The delegation had its fourth meeting with Ms. Ane Halsboe- Jorgenses, MP, who is a member of the Standing Committee on Finance.  She informed the delegation that in Danish political and governmental system, a couple of issues are pre-settled and planned at the European level. These policy decisions are followed by the Danish Government in majority of the circumstances. At European level, the benchmarks or goals are prescribed at a broader level however the Danish Government enjoys the discretion in terms of formulating mechanisms to achieve the said benchmarks and this applies to the matters falling within the purview of the Finance Committee. The members of the Finance Committee do not necessarily need a background in finance and same applies for other Committees since they are assisted by the Secretariat staff. While engaging in a discussion on the increased role of management consultants in re-structuring or policy making of the government departments, she informed that this may not work in all of the cases and the best decisions for the people can be formulated by their elected representatives.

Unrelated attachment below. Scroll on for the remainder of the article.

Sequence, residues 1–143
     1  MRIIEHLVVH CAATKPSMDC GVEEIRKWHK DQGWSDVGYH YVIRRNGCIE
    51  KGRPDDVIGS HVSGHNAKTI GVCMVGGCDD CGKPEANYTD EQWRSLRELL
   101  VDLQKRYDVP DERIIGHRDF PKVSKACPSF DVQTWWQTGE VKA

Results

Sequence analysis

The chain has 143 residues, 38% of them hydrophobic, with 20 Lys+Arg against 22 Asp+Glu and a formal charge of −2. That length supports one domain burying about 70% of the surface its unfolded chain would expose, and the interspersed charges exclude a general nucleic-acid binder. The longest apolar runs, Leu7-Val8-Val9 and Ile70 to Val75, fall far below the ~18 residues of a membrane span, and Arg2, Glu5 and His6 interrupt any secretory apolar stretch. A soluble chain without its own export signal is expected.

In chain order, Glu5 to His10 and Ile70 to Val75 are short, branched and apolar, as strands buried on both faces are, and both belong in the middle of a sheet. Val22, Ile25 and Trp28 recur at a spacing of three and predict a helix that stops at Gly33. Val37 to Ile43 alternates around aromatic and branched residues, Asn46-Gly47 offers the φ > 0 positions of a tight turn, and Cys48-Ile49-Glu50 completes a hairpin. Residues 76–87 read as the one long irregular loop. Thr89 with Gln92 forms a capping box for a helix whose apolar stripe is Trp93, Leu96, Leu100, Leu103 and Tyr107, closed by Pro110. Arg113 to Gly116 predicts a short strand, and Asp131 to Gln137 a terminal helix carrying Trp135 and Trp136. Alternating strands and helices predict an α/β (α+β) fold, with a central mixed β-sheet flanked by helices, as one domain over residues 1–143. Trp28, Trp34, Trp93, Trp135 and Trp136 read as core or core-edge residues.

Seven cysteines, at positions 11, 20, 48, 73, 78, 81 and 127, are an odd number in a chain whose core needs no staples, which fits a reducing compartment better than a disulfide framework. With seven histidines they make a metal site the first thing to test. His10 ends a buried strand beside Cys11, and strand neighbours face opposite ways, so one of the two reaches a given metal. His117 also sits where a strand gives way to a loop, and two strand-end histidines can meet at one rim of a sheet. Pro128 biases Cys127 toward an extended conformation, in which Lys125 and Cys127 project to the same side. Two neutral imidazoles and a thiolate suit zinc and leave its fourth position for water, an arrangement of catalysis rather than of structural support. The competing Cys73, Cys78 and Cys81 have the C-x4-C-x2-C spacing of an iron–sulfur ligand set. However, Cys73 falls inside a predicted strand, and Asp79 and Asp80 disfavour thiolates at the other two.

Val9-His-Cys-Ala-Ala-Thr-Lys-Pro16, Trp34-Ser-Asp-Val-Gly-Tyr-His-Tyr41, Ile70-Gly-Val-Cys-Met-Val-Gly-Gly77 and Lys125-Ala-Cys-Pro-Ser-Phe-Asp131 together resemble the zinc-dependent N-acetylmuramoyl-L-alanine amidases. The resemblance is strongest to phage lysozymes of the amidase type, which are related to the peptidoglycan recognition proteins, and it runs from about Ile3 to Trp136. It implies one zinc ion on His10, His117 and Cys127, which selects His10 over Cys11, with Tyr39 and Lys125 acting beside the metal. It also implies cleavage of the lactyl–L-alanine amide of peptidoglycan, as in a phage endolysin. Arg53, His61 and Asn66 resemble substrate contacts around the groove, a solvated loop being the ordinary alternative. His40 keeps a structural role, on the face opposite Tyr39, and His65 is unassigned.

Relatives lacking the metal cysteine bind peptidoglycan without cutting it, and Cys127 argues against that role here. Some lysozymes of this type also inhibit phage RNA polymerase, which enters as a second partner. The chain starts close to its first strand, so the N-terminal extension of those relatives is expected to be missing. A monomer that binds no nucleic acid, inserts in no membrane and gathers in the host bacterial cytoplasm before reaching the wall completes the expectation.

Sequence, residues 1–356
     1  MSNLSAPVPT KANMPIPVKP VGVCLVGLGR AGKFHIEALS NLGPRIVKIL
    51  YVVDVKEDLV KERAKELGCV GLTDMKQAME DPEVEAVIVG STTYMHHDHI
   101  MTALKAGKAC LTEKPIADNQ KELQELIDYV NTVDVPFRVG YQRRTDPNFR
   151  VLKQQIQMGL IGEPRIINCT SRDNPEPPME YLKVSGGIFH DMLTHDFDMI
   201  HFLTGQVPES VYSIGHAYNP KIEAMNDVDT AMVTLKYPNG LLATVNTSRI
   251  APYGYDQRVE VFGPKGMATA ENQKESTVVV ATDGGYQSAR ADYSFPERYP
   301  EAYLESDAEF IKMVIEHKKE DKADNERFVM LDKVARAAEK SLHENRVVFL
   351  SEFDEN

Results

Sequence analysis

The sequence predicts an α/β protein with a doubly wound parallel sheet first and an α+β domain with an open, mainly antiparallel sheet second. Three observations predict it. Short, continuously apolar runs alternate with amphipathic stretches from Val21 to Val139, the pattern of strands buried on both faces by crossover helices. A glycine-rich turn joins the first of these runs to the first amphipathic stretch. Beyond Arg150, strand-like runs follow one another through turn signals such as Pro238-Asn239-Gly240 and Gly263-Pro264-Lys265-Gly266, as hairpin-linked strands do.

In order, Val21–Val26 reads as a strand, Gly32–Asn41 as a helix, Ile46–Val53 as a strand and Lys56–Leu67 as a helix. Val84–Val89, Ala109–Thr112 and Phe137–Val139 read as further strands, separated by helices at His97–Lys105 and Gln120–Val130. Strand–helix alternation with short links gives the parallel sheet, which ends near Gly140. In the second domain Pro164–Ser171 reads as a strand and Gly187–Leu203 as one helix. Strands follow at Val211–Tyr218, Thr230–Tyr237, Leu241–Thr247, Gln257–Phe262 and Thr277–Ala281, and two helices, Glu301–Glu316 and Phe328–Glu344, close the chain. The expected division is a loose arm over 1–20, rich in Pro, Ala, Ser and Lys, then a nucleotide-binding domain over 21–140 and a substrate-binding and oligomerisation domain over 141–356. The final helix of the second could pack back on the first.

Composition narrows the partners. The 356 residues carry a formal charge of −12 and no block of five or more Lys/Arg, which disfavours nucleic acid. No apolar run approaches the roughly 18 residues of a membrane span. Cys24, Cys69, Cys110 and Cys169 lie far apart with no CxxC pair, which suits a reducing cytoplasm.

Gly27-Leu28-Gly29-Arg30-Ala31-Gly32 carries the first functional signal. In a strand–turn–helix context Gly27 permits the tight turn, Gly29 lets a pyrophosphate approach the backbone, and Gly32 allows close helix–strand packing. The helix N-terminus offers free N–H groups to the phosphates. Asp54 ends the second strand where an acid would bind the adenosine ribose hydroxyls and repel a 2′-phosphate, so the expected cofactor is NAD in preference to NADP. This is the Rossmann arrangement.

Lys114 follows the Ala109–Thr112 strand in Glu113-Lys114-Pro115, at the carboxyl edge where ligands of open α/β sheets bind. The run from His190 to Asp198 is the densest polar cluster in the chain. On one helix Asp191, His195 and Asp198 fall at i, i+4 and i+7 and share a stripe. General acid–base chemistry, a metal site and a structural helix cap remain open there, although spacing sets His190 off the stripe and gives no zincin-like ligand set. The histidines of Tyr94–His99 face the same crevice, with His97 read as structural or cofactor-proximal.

The delegation had its fifth meeting with Mr. Christian Jull Lentz, Advisor to the Communications Department. The meeting was focused on school elections campaign, aimed at introducing democracy and electoral process to the young students of Denmark. He informed the delegation that as per the statistics, young Danish people do not vote. For example, in Municipal elections of 2013, the stratum ranging from age 19-21 had a voter turn out of only 57.7%. He explained that strategically, the campaign is targeting two age groups; (a) first time voters; and (b) school children (8th, 9th and 10th graders). The former is targeted through get out to the vote and direct mail campaigns while the latter is targeted through Nationwide School Elections and the Youth Parliament. The school elections takes place every second year. These elections are not compulsory for all schools but majority of the schools voluntarily opt for the elections.  In 2015, around 42,000 young students voted in the School Elections. The Prime Minister announces the school elections along with 20 key issues and the pupils then choose three key issues. These students then run campaigns on these issues, formulate their election manifesto. The process includes interesting political debates. This inculcates political self-confidence in the Danish youth and attracts them towards voting in the general elections as well as the overall political and democratically structure of Denmark. Apart from these extra-ordinary measures, it is a tradition in Denmark to bring young persons to the voting station for achieving the above mentioned objectives. Further, the politics and society are taught as compulsory subjects at school. The atmosphere of the polling stations is identical to that of the original polling stations. At the end of the elections, there are election parties at many schools. These parties receive sufficient media and social media coverage. At the end of the meeting, the delegation presented a souvenir to Mr. Christian.